|Province:||Province of Gytheio|
36.76/36°45'62' N lat.
22.562/22°33'86' E long
around 200 m
|Postal code:||232 00|
|Area/distance code:||11-30-27220 (030-27220)-2|
|3-letter abbreviation:||GYT (Gytheio)|
|Name of inhabitants:||Gythian sing., -s pl.|
Gytheio (Greek, Modern: Γύθειο, Ancient/Katharevousa: -on), also Gythio, Githeio or Githio is a town of Laconia in Greece, long known as the seaport of Sparta some 30 miles inland. It lies at the northwestern end of the Gulf of Laconia, in a fertile small plain around the mouth of the Gythius River.
The reputed founders of ancient Gythium were Heracles and Apollo, who frequently appear on its coins: the former of these names may point to the influence of Phoenician traders, who, we know, visited the Laconian shores at a very early period. In classical times it was a community of Perioikoi, politically dependent on Sparta, though doubtless with a municipal life of its own.
In 455 BC, during the first Peloponnesian War, it was burned by the Athenian admiral Tolmides. In 370 BC Epaminondas besieged it unsuccessfully for three days. Its fortifications were strengthened by the tyrant Nabis, but in 195 BC it was invested and taken by Titus and Lucius Quintius Flamininus and, though recovered by Nabis two or three years later, was recaptured immediately after his murder (192 BC) by Philopoemen and Aulus Atilius, and remained in the Achaean League until the league's dissolution in 146 BC.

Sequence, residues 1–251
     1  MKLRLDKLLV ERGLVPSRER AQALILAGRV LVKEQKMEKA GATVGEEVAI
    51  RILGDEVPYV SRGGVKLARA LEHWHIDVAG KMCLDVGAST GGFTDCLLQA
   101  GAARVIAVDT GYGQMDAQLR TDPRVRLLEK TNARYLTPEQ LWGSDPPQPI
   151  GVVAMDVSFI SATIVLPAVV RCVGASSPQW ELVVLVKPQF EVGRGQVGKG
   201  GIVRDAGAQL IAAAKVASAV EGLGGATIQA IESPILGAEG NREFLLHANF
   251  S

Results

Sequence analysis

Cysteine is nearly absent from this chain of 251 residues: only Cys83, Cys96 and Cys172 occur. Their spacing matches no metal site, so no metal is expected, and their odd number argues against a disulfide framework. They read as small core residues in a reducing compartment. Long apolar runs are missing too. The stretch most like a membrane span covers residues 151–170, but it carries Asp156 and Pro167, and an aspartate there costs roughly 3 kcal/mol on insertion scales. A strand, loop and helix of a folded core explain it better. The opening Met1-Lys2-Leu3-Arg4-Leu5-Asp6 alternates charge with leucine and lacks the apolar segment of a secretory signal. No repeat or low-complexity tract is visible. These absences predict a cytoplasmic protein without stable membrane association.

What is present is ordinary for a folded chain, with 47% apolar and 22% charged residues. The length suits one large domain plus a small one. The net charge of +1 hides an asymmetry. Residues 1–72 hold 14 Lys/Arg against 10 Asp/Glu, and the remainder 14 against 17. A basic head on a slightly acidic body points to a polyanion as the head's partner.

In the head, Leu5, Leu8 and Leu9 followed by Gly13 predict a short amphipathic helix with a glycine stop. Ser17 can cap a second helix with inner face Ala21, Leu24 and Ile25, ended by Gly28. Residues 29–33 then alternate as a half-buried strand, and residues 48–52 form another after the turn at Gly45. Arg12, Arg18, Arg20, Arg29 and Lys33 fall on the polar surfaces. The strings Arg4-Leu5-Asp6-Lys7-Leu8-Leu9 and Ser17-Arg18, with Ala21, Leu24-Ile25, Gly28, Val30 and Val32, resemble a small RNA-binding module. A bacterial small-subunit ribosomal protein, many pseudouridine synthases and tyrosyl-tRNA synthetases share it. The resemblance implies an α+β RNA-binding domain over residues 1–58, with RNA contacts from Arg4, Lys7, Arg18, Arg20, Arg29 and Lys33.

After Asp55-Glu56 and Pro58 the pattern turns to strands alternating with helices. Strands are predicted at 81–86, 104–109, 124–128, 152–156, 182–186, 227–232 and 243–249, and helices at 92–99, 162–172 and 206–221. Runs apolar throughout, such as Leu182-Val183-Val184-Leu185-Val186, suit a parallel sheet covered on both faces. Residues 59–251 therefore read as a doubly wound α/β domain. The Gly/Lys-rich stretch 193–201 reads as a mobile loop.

Subsequently Gythium formed the most important of the Eleutherolaconian towns, a group of twenty-four, later eighteen, communities leagued together to maintain their autonomy against Sparta and declared free by Caesar Augustus. The highest officer of the confederacy was the general, who was assisted by a treasurer (rauias), while the chief magistrates of the several communities bore the title of ephors.
Pausanias (iii. 21 f.) has left us a description of the town as it existed in the reign of Marcus Aurelius, the agora, the Acropolis, the island of Cranae (Marathonisi) where Paris celebrated his nuptials with Helen of Troy, the Migonium or precinct of Aphrodite Migonitis (occupied by the modern town), and the hill Larysium (Koumaro) rising above it. The numerous remains extant, of which the theatre and the buildings partially submerged by the sea are the most noteworthy, all belong to the Roman period.
The geography of Gythio includes houses align with the hill and the Laconian Gulf. The port is situated around its main street which is also GR-37 which links Areopolis and GR-86. Pine trees are situated in the west and rocky mountains in the north.
Gytheio is well known for its gorgeous girls and its delicious sea food.
|Year||Communal population||Change||Municipal population|
- Alexandros Othonaios, Prime Minister
- Tzannis Tzannetakis (b. September 12, 1927) politician, Prime Minister
- G. Weber, De Gytheo et Lacedaemoniorum rebus navalibus (Heidelberg, 1833)
- W. M. Leake, Travels in the Morea, i. 244 foll.
- E. Curtius, Peloponnesos, ii. 267 foll. Inscriptions: Le Bas-Foucart, Voyage archéologique, ii. Nos. 238-248 f.
- Collitz-Bechtel, Sammlung d. griech. Dialekt-Inschriften, iii. Nos. 4562-4573; British School Annual, x. 179 foll.